President Bush’s plan to pack the courts with conservative judges is cause for serious concern over the survival of legislation protecting civil liberties, women’s rights, and the rights of the disabled. Apprehensive about losing 50 years of hard-earned civil rights law, Democrats are using filibusters and other tactics to delay final confirmations, but they cannot withstand the Republican tsunami. With 51 Republican senators and an administration pushing the judicial nominations as mainstream politics, Republicans are in the position of strength. They are calling the Democrats’ stalling revenge, or “payback,” for Republican rejections of former President Clinton’s nominations.
The Associated Press reports that the Senate has approved the nomination for Jeffrey Sutton of Ohio. Democrats are critical of Sutton’s attempts to limit federal civil rights and strip state employees and the elderly of disability protections.
Feminist groups such as Ms. Magazine and the National Organization for Women describe Bush’s female nominees as
“Scalia in a skirt.” Charles Hurt from the Washington Times reports that Democrats believe judicial nominees such as Carolyn Kuhl, a California state Judge, lack sensitivity towards women. In recent meetings with the Senate Judiciary Committee, Judge Kuhl tried to explain away a judgement to override Roe v. Wade as eagerness to perform well as a “very young staffer”. Her explanations haven’t convinced the editors of the New York Times, though:
“Judge Kuhl’s many shifts are suspect because of their timing. It is also clear, given this administration’s track record, that she was chosen precisely because of the actions she now seeks to distance herself from. The White House can tell from her record that she shares its conservative agenda, including opposition to abortion rights and skepticism about civil rights. It is unlikely that when she spoke with the administration she was as quick to renounce her past as she was before the Senate.”
The current debacle over nominees like Sutton and Kuhl is a symptom of the increasingly political nature of judicial appointments. The courts risk becoming like a boat that lists to whatever political side is in power.
New Delhi’s New Water Deal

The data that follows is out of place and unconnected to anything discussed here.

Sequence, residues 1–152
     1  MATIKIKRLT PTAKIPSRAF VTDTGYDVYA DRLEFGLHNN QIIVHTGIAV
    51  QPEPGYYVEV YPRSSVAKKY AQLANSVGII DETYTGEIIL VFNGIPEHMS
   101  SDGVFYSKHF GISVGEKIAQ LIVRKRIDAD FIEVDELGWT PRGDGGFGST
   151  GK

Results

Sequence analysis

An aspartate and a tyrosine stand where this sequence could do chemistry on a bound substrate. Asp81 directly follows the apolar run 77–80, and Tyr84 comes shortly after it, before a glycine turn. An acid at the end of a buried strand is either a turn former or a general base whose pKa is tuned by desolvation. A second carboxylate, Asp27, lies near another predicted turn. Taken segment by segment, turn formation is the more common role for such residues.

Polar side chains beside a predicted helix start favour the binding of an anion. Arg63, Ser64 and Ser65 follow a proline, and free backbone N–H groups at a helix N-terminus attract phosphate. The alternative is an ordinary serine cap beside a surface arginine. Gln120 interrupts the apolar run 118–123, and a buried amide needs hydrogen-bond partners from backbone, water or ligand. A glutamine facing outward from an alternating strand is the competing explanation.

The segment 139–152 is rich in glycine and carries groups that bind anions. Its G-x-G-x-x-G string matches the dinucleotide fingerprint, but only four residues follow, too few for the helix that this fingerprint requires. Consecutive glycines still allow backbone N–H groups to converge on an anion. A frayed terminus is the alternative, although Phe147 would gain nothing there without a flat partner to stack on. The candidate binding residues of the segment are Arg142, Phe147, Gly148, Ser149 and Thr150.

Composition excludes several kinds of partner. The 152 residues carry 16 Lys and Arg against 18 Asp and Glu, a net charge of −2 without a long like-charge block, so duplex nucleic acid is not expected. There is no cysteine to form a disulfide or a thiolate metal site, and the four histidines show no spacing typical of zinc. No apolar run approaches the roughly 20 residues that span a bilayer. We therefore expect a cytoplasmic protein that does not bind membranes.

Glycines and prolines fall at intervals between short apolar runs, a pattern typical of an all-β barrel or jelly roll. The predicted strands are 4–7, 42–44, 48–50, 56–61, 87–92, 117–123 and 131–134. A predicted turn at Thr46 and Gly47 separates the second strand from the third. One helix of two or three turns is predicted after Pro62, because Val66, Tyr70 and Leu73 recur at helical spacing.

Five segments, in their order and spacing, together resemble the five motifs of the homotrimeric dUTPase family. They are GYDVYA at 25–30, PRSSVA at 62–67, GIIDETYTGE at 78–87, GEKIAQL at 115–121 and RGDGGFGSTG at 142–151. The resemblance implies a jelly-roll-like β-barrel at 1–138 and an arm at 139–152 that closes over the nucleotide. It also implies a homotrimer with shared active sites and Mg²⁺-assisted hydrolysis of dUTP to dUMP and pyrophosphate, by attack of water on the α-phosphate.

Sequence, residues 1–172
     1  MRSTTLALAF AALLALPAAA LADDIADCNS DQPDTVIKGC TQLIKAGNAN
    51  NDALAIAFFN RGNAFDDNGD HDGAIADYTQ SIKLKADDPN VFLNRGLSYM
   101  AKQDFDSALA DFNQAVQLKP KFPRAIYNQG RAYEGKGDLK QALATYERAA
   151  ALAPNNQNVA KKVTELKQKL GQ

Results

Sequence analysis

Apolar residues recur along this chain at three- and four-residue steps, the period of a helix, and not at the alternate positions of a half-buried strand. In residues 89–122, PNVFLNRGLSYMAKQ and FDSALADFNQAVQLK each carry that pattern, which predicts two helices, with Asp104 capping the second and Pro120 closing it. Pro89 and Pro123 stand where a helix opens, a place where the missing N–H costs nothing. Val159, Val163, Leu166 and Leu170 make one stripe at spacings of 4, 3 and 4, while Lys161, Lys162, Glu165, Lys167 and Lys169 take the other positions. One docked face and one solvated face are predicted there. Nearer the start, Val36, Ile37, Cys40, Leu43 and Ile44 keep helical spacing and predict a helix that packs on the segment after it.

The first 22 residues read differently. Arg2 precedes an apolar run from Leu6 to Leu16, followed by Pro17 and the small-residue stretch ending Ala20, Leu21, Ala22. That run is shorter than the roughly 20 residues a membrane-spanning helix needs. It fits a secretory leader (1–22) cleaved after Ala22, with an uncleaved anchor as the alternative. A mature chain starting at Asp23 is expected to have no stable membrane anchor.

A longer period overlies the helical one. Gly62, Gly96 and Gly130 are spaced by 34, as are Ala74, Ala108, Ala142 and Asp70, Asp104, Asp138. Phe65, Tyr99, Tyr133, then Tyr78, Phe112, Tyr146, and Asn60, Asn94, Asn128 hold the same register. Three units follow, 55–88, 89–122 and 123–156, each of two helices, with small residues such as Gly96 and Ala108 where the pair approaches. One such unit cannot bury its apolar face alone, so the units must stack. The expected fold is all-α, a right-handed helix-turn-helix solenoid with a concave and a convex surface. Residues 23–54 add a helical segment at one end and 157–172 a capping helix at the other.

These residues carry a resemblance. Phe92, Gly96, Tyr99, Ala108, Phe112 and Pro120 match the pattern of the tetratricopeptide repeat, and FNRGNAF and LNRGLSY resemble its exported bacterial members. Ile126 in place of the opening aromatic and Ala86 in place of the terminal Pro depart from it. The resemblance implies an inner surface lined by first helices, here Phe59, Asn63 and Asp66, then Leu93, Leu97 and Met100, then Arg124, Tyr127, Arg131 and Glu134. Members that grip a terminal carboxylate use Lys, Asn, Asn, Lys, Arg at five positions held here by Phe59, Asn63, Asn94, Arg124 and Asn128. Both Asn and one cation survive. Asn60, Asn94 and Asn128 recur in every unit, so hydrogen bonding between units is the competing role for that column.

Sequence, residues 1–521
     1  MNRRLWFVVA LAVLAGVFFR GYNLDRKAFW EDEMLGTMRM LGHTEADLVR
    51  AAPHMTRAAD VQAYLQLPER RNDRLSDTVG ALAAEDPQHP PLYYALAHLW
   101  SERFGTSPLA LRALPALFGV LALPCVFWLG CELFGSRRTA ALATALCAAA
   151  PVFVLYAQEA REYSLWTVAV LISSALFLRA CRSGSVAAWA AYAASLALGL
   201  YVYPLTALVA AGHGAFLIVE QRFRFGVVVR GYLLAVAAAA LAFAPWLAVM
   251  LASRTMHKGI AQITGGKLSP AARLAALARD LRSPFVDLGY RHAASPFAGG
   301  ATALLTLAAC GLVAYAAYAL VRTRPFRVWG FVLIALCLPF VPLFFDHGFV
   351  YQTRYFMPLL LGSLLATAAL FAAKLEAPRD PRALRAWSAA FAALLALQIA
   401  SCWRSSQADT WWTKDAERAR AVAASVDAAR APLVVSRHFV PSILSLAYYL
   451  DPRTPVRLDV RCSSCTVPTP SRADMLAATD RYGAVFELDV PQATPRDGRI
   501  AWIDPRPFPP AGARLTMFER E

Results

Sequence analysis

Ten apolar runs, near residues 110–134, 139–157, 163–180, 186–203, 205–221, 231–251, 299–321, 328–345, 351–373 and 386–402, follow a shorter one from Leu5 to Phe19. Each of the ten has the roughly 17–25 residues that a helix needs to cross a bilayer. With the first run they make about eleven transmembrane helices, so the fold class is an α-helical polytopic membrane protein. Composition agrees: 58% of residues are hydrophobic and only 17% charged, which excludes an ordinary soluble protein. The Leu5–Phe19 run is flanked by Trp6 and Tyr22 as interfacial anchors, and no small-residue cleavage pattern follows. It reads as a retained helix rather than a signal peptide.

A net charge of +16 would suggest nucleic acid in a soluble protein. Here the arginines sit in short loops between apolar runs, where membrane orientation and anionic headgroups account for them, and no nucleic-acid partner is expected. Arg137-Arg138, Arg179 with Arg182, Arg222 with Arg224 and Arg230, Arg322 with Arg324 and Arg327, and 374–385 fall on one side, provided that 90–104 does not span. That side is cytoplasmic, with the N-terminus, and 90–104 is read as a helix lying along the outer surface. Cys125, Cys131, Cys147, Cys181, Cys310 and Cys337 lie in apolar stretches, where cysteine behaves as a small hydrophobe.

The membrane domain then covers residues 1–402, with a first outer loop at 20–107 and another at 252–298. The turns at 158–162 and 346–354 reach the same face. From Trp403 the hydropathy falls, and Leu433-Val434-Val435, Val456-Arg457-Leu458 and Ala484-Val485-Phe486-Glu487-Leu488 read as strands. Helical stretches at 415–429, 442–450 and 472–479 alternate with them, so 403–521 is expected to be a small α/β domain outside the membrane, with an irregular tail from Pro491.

New Delhi, one of the world’s biggest cities, is also facing one of the world’s biggest water shortages. With a population that increases by half-a-million each year, the Indian capital is rapidly exhausting its underground sources of water.
Now, the Washington Post‘s John Lancaster reports, a solution may have arrived — in the form of an ancient, eco-friendly practice. Resurrecting a millennia-old tradition, the city now collects rainwater — which falls mainly during the monsoon season — and funnels it into the soil, replenishing depleted aquifers hundreds of feet beneath the ground. Pilot projects have proven hugely successful and, as Lancaster puts it, have generated an “almost messianic following” among those who have tested the new-old methods.
“Among the converts is Krishan Saigal, a former official at a U.N.-funded environmental agency who introduced rainwater harvesting to affluent Panchshila Park, where he heads the residents’ association. The project has been so successful that the water table has risen three feet in less than a year, allowing the residents’ club to fill its swimming pool from its own well; previously it relied on municipal water at a cost of about $1,700 a year.
‘We recovered the cost of the system in one year,’ he said. ‘It’s just amazing. I would never have believed it, but it works.'”
Big Energy on the Rez?
While the fight to open up Alaska’s arctic refuge to oil drilling may still be raging, Republican lawmakers have already trained their sights on a new target. This time, they’re going after Indian land.